As Kim Wilkie (below) says, government can never quite come up with the right legislation to protect against war, weather and pestilence, but then neither can an unregulated market. Agriculture cannot be treated as a purely commercial industry because too many other natural factors are at stake and the timescales are millennial.
He says that priority must be given to reviving the soils we have exhausted over the past 50 years. Treating arable land as an inert substrate for chemicals to boost crop production has proved to be a very short-term solution.
Drenching farmland in artificial nitrates not only kills the organic life of the soil, it is an inefficient way of getting nutrients into plants. As more and more nitrates are then needed to make the impoverished soil grow crops, the indigestible quantities are washed out into watercourses and pollute rivers and aquifers.
The fragile soil, deep ploughed and no longer bound together by organic matter (the life in the soil), also washes away into the sea. The Environment Agency estimates that across the UK, 2m tonnes of topsoil are eroded every year.
Combined with sensible farming, such as nitrogen-fixing crops and minimum tilling of the land, a return to mixed farming (rotating arable cultivation with cattle and sheep pasture grazing) does seem to offer a way of growing enough protein to feed the planet while at the same time restoring a healthy and stable environment.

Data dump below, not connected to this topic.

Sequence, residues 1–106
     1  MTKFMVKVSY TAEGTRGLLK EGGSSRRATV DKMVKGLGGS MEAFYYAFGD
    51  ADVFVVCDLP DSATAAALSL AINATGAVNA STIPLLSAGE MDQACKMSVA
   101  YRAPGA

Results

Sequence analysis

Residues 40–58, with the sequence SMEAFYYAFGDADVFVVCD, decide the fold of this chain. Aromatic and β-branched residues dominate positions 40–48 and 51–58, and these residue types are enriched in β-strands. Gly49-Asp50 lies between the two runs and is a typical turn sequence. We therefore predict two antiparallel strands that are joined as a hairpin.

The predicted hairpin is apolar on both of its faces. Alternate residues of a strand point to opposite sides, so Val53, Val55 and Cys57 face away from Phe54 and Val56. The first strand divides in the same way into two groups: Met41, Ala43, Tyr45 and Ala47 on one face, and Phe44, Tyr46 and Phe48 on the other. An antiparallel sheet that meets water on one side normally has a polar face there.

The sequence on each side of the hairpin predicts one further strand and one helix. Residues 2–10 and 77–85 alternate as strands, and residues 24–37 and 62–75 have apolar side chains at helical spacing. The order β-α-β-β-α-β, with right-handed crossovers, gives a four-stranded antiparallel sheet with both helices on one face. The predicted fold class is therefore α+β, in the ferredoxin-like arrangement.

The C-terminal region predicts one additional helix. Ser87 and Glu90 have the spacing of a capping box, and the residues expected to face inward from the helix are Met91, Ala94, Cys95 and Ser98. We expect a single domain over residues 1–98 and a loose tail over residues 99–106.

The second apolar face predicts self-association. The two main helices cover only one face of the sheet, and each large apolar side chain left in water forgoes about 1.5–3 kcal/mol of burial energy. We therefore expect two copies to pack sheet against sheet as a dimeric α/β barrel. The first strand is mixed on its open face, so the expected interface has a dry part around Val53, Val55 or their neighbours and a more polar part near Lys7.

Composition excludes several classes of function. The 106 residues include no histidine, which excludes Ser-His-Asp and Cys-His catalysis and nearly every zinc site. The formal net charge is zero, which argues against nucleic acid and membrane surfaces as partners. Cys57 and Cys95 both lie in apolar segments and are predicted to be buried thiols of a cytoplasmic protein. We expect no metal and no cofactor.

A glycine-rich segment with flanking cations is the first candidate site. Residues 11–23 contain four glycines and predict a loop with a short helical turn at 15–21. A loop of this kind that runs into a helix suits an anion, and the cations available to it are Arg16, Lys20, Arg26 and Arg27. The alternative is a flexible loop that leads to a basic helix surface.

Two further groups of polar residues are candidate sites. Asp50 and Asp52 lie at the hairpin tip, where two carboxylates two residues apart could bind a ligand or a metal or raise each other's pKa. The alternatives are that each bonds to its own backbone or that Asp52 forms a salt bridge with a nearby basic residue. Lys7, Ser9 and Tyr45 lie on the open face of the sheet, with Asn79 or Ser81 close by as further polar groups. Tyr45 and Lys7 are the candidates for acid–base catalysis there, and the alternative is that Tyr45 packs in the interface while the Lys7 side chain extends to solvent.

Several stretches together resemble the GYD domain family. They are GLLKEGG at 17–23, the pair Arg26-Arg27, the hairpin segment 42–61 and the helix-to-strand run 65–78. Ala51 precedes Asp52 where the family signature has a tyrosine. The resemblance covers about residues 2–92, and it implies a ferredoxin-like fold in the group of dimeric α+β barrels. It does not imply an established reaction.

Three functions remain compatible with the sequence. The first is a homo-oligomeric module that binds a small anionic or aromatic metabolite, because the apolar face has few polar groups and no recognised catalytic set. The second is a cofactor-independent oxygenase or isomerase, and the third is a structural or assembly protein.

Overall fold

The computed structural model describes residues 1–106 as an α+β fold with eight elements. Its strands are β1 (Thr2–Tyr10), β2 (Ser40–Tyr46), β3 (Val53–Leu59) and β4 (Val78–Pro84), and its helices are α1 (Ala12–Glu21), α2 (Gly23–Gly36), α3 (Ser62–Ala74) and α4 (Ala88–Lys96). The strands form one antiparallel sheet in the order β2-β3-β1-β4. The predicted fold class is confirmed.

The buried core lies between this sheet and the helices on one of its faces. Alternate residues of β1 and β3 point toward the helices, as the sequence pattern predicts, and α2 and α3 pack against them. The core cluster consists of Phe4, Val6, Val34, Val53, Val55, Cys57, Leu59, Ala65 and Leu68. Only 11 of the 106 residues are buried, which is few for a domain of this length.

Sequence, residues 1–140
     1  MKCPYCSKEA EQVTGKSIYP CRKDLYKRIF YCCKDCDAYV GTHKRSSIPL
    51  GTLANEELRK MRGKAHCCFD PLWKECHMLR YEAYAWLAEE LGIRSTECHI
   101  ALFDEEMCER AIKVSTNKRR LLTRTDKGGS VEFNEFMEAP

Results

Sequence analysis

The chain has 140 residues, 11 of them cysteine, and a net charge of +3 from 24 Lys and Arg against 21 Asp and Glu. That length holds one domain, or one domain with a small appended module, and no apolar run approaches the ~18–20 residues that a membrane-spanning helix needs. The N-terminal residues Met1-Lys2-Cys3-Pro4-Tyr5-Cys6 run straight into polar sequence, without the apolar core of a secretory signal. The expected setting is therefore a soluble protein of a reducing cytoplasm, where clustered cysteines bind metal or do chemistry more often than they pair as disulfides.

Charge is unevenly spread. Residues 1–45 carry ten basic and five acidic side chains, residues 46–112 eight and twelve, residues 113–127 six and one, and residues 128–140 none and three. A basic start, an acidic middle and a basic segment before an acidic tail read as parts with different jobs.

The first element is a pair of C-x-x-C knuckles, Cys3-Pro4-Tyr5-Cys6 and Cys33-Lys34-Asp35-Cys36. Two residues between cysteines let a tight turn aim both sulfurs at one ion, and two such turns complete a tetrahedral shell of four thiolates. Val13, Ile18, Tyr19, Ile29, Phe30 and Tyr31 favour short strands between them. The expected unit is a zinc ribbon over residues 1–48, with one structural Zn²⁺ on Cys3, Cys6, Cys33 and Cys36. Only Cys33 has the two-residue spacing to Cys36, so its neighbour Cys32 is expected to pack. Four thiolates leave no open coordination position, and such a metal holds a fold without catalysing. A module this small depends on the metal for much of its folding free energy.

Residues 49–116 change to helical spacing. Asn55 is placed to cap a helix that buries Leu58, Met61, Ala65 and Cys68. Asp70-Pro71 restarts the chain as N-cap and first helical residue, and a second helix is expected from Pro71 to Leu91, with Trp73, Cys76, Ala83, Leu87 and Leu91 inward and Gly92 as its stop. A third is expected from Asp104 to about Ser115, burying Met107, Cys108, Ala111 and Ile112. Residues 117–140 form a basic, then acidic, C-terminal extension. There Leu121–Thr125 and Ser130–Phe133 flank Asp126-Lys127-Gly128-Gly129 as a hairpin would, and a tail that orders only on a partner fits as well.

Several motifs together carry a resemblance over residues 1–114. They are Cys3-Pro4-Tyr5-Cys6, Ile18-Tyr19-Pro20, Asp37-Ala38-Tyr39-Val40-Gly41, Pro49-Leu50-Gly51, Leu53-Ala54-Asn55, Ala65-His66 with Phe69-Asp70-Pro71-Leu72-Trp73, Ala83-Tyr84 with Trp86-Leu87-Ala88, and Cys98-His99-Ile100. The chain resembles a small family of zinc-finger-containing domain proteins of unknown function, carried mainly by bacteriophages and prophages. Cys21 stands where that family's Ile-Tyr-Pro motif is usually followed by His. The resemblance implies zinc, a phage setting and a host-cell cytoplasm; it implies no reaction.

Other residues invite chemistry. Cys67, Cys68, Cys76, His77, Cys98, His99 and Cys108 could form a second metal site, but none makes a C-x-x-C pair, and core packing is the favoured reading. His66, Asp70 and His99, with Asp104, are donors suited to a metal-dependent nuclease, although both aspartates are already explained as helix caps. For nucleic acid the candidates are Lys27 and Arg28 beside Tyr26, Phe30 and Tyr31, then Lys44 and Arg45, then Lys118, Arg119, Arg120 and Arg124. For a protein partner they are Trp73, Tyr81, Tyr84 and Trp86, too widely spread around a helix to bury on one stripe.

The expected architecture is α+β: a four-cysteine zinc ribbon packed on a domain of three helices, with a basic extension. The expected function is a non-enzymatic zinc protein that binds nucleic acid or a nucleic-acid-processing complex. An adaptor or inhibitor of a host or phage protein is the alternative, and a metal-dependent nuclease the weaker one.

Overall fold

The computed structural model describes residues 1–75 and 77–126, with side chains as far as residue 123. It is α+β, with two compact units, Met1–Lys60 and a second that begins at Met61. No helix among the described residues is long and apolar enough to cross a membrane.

Wilkie continues by pointing out that in the British Isles grass grows particularly well and livestock, grazing on pasture outside rather than on corn in sheds, is an efficient method of converting photosynthesising plants into protein. Co-operating with the land in this way continues a natural environment that has evolved with man since the last Ice Age, 10,000 years ago.
The old argument is that we can only feed the world if we pursue intensive chemical agro-industry. New understanding of soil science suggests that we can actually only continue to produce enough food if we change our farming practices and reverse the depletion of our soil.
All farming needs to work harmoniously with natural systems. Attitudes to agriculture are buffeted by fears of starvation on the one hand and the desire for cheap food on the other. War, weather and pestilence haunt productivity.
Brexit has precipitated a complete review of subsidies. Housing demand is putting major pressure on the rural South East and particularly the greenbelt. Free Trade in chlorinated chicken looms ominously over agricultural integrity and food health. Where will it all end?
The first indications are it might go in some surprisingly good directions. The emphasis may shift from volume annual yields to long-term productivity. Farm support may be targeted towards methods that work with the health of soil and water. Chemical nitrates and pollutants may be taxed. Market gardens may reappear around our bulging urban edges.
*Kim Wilkie studied modern history at Oxford and landscape architecture at the University of California, Berkeley, before setting up his landscape studio in London in 1989, combining design with running a small farm with rearing longhorn cattle.